Energy saving and economical, a new wave of peer-to-peer house shares gets the green light.
Behind closed doors in cities around the world lies a great untapped resource: unused space. But not, perhaps, for long. Every day, thousands of spare rooms, flats and even entire houses are put online for travellers and tourists to rent on an informal, short-term basis.
Airbnb, the behemoth of this burgeoning industry, now has listings in 14,457 cities. Dubbed the ‘eBay for space’, it has enabled 1.6 million stays since it was founded in 2008. Alongside competitors such as Crashpadder and the high-end portal Onefinestay, it’s part of a wider trend of renting, swapping, sharing and trading things with each other when we’re not using them.
This peer to peer consumption has “immense potential” to reduce our environmental impact, according to Prashant Vaze, author of The Economical Environmentalist, because often it means we use existing resources more efficiently.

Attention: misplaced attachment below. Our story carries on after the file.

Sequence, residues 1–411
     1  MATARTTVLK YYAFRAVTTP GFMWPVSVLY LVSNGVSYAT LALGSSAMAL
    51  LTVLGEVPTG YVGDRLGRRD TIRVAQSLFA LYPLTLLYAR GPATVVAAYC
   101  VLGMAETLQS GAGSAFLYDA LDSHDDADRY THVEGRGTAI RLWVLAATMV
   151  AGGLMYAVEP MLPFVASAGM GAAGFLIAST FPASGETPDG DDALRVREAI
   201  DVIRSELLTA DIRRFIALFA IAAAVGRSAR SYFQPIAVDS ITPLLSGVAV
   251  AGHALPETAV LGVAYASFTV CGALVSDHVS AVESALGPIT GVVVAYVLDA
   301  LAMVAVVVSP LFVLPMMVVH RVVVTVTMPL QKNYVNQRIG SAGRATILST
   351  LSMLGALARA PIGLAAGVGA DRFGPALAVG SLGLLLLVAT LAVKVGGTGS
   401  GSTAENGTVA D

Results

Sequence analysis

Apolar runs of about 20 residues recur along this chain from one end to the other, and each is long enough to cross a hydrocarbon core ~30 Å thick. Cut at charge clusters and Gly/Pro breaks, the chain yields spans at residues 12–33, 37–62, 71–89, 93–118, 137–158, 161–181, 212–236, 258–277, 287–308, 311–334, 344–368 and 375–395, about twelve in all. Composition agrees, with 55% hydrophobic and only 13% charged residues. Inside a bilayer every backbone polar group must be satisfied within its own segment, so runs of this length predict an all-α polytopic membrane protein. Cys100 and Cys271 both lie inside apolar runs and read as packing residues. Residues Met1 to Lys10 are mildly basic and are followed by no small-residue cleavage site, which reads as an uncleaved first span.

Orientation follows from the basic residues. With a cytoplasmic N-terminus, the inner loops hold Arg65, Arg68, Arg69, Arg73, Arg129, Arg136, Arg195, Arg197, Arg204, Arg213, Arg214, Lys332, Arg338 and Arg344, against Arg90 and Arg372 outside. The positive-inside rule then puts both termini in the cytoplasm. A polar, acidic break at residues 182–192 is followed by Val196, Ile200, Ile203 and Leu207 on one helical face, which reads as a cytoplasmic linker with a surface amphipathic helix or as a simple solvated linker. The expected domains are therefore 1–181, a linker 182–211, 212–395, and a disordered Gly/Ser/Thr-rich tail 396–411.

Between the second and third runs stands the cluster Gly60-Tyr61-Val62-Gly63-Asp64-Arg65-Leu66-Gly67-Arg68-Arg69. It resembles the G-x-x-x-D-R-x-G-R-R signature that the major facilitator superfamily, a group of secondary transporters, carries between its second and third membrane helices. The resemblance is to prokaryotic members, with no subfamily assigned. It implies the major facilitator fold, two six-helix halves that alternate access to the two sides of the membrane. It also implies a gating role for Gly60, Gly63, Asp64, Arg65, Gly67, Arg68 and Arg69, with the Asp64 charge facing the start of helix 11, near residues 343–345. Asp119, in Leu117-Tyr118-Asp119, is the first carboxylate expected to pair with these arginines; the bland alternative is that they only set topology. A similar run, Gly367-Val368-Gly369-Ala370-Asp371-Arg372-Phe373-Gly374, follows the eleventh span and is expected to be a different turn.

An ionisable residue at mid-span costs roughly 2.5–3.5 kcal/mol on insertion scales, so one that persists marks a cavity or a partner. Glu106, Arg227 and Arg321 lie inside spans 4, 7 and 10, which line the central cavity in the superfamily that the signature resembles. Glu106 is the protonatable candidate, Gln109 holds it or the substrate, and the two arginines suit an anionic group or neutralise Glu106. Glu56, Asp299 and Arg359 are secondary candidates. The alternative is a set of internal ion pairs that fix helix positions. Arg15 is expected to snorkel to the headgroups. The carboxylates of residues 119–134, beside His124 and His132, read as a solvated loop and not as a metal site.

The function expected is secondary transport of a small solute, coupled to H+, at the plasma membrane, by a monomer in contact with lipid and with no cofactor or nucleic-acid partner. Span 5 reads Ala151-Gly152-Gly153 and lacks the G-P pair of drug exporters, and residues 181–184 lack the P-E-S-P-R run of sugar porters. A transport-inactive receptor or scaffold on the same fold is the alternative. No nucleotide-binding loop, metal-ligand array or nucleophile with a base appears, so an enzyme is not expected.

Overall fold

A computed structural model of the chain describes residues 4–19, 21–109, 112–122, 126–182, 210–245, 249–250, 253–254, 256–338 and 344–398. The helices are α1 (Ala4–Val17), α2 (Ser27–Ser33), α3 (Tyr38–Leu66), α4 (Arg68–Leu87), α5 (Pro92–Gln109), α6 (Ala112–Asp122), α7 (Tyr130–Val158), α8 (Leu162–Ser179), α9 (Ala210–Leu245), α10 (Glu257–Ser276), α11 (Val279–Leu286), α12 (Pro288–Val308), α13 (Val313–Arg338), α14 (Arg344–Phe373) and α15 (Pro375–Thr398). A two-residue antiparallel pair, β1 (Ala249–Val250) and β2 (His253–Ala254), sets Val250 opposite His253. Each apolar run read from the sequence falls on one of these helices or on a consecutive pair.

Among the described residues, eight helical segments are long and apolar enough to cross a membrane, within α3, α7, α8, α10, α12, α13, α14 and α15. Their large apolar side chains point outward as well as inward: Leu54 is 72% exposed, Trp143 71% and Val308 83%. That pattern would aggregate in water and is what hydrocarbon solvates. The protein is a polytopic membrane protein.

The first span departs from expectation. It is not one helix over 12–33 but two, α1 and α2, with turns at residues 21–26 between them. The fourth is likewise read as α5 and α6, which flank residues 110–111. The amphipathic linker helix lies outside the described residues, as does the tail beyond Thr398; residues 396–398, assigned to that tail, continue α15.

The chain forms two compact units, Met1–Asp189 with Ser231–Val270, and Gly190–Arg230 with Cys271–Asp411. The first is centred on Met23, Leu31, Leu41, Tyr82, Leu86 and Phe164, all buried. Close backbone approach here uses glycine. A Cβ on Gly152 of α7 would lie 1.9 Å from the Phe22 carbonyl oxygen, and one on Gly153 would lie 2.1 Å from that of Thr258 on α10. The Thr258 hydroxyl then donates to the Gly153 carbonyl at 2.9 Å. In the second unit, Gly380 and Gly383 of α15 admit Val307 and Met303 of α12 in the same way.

Crashpadder says that the carbon footprint of the average stay through its site is 80% smaller than a night at a three to five star hotel, because very little extra energy is used for a guest in a spare room.
And it’s not just homes. Car owners, too, are saving energy and lining their pockets, with lending schemes like WhipCar [see 'How to make a city flow']. Given that an average car requires around four tonnes of CO2 to make, says Vaze, this shift has the potential to cut road-related emissions considerably.
Although peer to peer consumption is expanding at a storming pace (Airbnb grew at a rate of 800% last year, with half of guests travelling on business) it remains relatively niche. In London, for example, there are 1,423 rooms on Airbnb, but nearly 750,000 in hotels. A spokesman for the British Hospitality Association said he does not see it as a serious threat to the hotel industry. – Sylvia Rowley
Image credit: urbancow / istock